Source: © Ehud Keinan

The peroxide explosives tester can detect TATP

A considerable body of work concerning H2 O2 detection already exists and involves experiments with peroxidase enzymes. These catalyse the oxidation of certain substrates by H2 O2 and are often used in molecular biology binding studies. If the oxidised substrates differ from the reduced form by a change in either state or appearance this can be used as evidence for the presence of H2 O2 and, in this case, TATP. 

From this simple tenet, Keinan and his group designed and built a TATP-detection kit that was unveiled this summer (see Chemistry World, September 2005, p7). The small device is called a peroxide explosives tester (PET) and resembles a multi-coloured ballpoint pen.  

The main components include a silicone rubber test pad, a central transparent section and three syringes containing a strong acid, a solution of enzyme and a colourless pigment.  

The tester applies a sample to the rubber test pad and washes the residue with acid. The pigment is added next, followed by the enzyme. Samples containing TATP-type substances produce H2 O2 which oxidises the pigment to produce a blue-green solution. This distinct colour change is used to indicate the presence of TATP.  

The PET has a fast response time and is reported to be simple to operate. It is also highly sensitive and selective, detecting sub-milligram quantities of material and helping to differentiate between genuine explosive residues and miscellaneous oxidants. 

Keinan says that law enforcement agencies are impressed with the PET invention. ’There has been a lot of interest, even from British companies. Hopefully this will be commercialised very soon.’ He envisages a situation where security personnel will carry these kits on their belts and test suspected material in real time.  

The PET is still only a prototype and needs further refinement. Keinan is currently trying to make the device smaller and reusable. It would also be advantageous to couple the PET methodology with existing detection techniques, particularly for aviation security.  

Ultimately, law enforcement agencies need a gas-phase detection system, minimising the risk to civilians and security personnel. The volatile nature of TATP makes this requirement a distinct possibility. ’In terms of getting a gas-phase detector, basically it’s a matter of engineering. It’s more a case of development than research,’ said Keinan. Sella agrees, but cautions that effective gas-phase screening will require detection limits in the nano range, something that Keinan and his group are working on. 

Keinan hopes that the success of the PET will inspire others to design and build advanced detectors for TATP and similar improvised explosives. ’If 100 people start working on this tomorrow morning then the result will be different than if one person works on this part-time,’ he says.  

Keinan also urges governments not to underestimate the threat posed by TATP. ’For many years they [western governments] probably thought it was just an Israeli problem, but really it is a global problem and has to be treated as such. The British got a wake-up call on 7 July 2005 and that is just the tip of the iceberg.’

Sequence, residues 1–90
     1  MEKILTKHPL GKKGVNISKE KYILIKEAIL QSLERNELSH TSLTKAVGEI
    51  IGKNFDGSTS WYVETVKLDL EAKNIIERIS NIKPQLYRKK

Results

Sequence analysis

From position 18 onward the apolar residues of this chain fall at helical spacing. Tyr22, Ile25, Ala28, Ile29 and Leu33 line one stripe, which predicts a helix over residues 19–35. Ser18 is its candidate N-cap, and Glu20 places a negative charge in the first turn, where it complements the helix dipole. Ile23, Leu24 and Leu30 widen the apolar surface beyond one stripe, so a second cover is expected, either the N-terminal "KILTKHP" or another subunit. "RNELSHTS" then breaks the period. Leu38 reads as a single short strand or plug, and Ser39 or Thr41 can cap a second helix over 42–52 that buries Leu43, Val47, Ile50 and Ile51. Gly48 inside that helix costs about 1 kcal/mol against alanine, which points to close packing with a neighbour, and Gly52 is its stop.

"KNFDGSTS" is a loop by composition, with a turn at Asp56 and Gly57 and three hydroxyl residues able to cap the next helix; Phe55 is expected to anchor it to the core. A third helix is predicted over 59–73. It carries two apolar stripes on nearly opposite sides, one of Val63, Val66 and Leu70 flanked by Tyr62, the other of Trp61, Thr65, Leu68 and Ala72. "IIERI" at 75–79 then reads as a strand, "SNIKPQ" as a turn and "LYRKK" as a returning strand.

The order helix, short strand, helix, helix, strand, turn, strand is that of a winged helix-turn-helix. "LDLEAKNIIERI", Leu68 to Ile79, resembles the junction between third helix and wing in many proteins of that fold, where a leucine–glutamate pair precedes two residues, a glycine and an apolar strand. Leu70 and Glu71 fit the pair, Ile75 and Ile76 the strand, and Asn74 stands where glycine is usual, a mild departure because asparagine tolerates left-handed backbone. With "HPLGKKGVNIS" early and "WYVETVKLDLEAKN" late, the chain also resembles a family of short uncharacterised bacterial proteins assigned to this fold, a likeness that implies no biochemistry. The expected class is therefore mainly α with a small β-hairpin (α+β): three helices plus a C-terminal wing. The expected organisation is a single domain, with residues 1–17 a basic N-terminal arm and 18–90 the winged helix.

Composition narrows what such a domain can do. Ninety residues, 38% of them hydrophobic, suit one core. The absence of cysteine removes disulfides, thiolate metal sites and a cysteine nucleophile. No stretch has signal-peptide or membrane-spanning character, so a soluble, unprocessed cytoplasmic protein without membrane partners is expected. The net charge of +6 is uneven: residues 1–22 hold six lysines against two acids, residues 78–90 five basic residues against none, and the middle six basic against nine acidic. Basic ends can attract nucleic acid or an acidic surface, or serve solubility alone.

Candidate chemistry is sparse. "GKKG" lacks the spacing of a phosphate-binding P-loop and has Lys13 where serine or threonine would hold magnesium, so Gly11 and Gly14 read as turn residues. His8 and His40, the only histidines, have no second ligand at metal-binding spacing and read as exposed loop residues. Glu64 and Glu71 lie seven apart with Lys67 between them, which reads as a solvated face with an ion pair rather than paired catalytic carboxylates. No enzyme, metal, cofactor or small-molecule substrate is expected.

TATP’s decomposition theory

Triacetonetriperoxide (TATP) is commonly used by terrorist groups. To the untrained eye, the explosion of TATP resembles that of any other conventional explosive, namely the rapid release of energy in a violent exothermic process. However, investigate a little deeper and you find that TATP does not obey these assumptions. 

The decomposition of TATP is, perhaps surprisingly, not a highly favoured thermodynamic process. Rather, the breakdown of TATP involves ’entropy burst’, whereby its disintegration produces four gas-phase molecules for every one of TATP.  

For any reaction, the overall Gibbs free energy change, ΔG, is described by the general equation, ΔG = ΔH - TΔS, where H is the overall enthalpy (heat) change, T is the temperature and ΔS represents a change in entropy. A reaction is favoured if ΔG is negative, so the decomposition of TATP (which has a large value of ΔS) will occur spontaneously under the right conditions.  

The key to understanding the decomposition of TATP lies in analysing its molecular structure. TATP is composed of three acetone molecules linked by O-O peroxide bridges. The crystal structure of TATP shows the molecule exists in a boat-chair conformation, with each oxygen atom buried within the central cavity surrounded by the hydrophobic isopropylidene groups.  

The isopropylidene units are described as molecular scaffolds from which the peroxide units are suspended in close proximity to one another. The decomposition of TATP begins when one of the O-O bridges cleaves homolytically. A complex cascade reaction then develops, involving the fragmentation of the molecule and neighbouring molecules in the solid state. 

Computer modelling of the decomposition pathway of TATP predicts the formation of several minor byproducts, including highly reactive diradical oxygen species, methyl acetate, ethanol, CO2, O2, and ethane, all of which have been identified experimentally at blast sites.

The major decomposition products of TATP are ozone and acetone, which produce considerable pressure increases during an explosion.  

The ensuing shockwaves can accelerate as fast as 5000 ms-2. It is for this reason that TATP and other members of the cyclic peroxide family are so explosive.  

A step ahead  

Terrorist groups will always strive to develop new explosives that evade detection techniques. So long as terrorists continue to use improvised weapons, and more sophisticated landmines continue to flourish, thousands of people’s lives will continue to be at risk. 

Swager and Keinan are not alone in their fierce determination to combat the threat of explosives. Their individual successes act as focal points for others who are similarly inspired to put science to good use.